Importers and exporters typically pay a lot of duties and taxes. Fortunately, the Canada Border Services Agency (CBSA) offers programs that can usually help you cut those expenses by eliminating or deferring your duty payments on imported goods, as long as your small business meets specific program requirements.
Trade Incentives for Temporary Importations
The Temporary Importations program offers an excellent trade incentive if the goods you import don’t remain in Canada. To avoid paying taxes and duties on items you import, fill out Form E29B to get a Temporary Admission Permit. You might need to pay a deposit, but you receive a refund when you export the goods.
How do you know if your goods qualify as temporary imports? If the items you ship to your company don’t stay in Canada, they’re temporary imports. For example, if you repair electronics for international customers, you ship the items you repair back to your non-Canadian customers. That means the items that your customers shipped to you for repair are temporary imports. Additionally, items you bring into the country to use temporarily for demonstration or training purposes are considered temporary imports.
Temporary Imports via ATA Carnet
An internationally recognized customs agreement that speeds up the customs process on imported goods, ATA Carnet covers virtually all goods you bring into the country on a temporary basis, except for disposable and consumable items or things you import for repair. Over 76 countries accept ATA Carnets. If you import items from one of the participating countries, you don’t need a Temporary Admission Permit. You also don’t need to pay a deposit before customs releases the goods. If you ship in displays or demo products for trade shows, this program lets you avoid taxes and duties. It also serves as a good option for anyone who travels with professional equipment.
Canadian Goods Abroad Export Program
If your business regularly exports items for repair, alterations, or additions, the Customs Act requires you to pay duties and taxes on the goods when they return to the country. The Canadian Goods Abroad program ensures you only pay taxes and duties on the value added to the goods you originally shipped. This means any additional materials or labour paid for while the items are out of country, requires payment of taxes and duties. For example, if you send clothing abroad for alterations, you just pay taxes and duties on any material added to the item and any labour costs. You don’t pay taxes and duties on the original piece of clothing.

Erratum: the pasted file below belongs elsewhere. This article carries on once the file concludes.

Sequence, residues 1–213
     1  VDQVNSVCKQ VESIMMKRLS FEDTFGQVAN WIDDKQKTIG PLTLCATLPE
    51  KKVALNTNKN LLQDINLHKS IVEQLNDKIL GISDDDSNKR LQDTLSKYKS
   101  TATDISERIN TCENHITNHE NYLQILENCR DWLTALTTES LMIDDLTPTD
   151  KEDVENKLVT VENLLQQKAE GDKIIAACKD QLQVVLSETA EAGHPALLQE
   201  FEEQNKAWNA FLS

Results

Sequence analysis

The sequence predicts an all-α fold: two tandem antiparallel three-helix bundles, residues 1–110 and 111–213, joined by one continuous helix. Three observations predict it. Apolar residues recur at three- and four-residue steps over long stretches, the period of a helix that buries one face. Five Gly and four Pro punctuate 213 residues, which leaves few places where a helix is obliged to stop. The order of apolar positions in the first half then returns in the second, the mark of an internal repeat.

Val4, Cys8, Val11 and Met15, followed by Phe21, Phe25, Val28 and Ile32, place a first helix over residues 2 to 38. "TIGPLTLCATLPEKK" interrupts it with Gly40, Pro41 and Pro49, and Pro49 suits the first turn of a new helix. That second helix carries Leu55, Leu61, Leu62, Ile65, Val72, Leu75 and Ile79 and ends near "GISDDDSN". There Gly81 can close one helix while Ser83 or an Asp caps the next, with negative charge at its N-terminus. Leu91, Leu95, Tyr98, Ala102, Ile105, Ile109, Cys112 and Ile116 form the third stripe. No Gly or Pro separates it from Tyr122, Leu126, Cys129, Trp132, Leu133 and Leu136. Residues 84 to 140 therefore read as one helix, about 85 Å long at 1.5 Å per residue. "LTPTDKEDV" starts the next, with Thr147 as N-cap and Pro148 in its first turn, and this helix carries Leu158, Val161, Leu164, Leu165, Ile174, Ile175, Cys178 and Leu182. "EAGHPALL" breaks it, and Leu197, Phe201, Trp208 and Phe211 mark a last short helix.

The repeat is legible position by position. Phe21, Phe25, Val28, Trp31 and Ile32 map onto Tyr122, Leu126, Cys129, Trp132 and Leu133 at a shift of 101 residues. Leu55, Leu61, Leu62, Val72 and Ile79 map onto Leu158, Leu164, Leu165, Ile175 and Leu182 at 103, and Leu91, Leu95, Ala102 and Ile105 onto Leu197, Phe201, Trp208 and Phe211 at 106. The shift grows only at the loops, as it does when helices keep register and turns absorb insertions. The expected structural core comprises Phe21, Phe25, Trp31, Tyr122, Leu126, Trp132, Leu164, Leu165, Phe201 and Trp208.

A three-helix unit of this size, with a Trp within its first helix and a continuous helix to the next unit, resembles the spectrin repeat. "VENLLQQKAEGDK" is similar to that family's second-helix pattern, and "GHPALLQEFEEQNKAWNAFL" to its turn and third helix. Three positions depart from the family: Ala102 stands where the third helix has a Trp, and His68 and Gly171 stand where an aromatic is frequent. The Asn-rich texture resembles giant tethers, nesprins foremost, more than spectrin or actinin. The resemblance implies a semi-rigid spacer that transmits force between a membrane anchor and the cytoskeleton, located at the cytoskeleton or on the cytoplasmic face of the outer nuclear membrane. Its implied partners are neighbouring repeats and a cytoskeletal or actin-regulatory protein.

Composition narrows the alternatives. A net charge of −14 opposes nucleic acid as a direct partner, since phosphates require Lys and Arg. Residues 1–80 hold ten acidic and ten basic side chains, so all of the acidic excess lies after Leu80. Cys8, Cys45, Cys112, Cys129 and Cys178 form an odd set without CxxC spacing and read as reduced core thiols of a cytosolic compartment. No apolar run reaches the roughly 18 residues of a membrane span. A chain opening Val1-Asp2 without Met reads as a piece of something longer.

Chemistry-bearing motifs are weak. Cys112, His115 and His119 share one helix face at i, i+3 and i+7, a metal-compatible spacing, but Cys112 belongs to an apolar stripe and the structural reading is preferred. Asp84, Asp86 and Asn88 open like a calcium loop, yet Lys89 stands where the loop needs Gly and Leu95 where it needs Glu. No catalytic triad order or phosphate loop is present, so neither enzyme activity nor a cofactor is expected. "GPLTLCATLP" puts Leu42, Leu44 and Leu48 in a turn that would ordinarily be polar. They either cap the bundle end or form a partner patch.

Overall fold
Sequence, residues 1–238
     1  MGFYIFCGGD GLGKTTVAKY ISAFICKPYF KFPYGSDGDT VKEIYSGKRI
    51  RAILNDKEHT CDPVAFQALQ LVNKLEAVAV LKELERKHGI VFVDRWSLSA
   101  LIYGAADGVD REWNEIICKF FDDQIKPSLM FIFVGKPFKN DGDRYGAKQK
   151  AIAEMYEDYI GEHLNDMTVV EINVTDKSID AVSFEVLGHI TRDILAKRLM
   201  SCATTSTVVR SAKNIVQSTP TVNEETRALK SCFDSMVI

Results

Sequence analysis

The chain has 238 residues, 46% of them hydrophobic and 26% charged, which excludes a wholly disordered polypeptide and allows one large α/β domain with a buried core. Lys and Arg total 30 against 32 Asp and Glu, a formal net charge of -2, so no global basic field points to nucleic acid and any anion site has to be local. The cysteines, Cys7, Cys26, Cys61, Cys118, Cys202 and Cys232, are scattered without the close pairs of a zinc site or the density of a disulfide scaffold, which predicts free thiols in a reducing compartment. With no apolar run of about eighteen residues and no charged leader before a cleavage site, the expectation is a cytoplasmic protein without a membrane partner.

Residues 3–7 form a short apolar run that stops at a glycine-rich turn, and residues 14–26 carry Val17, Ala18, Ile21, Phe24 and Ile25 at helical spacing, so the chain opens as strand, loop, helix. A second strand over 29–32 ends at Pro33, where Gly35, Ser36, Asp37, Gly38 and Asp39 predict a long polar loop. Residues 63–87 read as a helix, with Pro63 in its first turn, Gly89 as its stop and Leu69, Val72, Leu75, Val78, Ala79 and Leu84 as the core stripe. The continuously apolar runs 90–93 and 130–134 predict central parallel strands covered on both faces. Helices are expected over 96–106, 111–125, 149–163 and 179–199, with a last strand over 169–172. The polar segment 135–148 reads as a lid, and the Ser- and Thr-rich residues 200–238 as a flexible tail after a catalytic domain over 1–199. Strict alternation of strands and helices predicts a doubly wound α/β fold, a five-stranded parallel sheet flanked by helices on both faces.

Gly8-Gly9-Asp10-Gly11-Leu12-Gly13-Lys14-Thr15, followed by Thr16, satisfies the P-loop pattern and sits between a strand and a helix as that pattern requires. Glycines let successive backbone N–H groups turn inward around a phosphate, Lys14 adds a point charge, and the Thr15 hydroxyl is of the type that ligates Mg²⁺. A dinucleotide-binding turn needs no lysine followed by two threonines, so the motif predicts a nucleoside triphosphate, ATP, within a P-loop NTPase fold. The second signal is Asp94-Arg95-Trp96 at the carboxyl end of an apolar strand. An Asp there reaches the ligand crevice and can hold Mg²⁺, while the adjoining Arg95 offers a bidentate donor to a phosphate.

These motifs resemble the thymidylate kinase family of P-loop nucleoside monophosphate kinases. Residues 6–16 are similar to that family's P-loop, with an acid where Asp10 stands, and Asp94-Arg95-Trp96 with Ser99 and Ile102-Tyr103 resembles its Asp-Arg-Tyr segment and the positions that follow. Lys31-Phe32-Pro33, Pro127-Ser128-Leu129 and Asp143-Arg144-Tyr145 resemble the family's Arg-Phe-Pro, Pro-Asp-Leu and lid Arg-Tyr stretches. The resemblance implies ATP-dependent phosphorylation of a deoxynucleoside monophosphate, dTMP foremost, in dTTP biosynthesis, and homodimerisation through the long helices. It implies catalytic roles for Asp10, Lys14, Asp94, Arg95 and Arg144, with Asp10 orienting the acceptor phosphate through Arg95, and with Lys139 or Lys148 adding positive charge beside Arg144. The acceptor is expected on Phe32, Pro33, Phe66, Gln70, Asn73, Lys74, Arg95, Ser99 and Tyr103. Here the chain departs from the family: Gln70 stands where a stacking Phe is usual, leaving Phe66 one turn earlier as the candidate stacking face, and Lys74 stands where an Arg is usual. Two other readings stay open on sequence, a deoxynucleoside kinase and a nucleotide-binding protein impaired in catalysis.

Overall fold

Duty Deferral Trade Incentive Program
The Duty Deferral Program helps small businesses that import goods into Canada save money with three different options, including the Customs Bonded Warehouse program, the Duties Relief program, and the Drawback Program. Each of these options have specific requirements you must meet for use.
- The Customs Bonded Warehouse Program lets you store items you import in a customs-run facility until release for Canadian consumption or export, so you don’t have to pay the taxes and duties upfront.
- If you plan to export imported items in the same condition, the Duties Relief Program relieves you of paying taxes and duties completely.
- If you export goods, you’ve already paid taxes and duties on, the Drawback Program lets you request a refund.
The amount of taxes and duties your company pays on imported goods affects the prices of the goods or services your company sells. So if your company shells out a lot of money to customs, try cutting costs by using an available Canadian trade incentive program. You might just save enough money to get your prices lower than your competition. QuickBooks Online helps you track costs and profits seamlessly to help you stay on top of your small business game. QuickBooks Online can help you maximize your tax deductions. Keep more of what you earn today.
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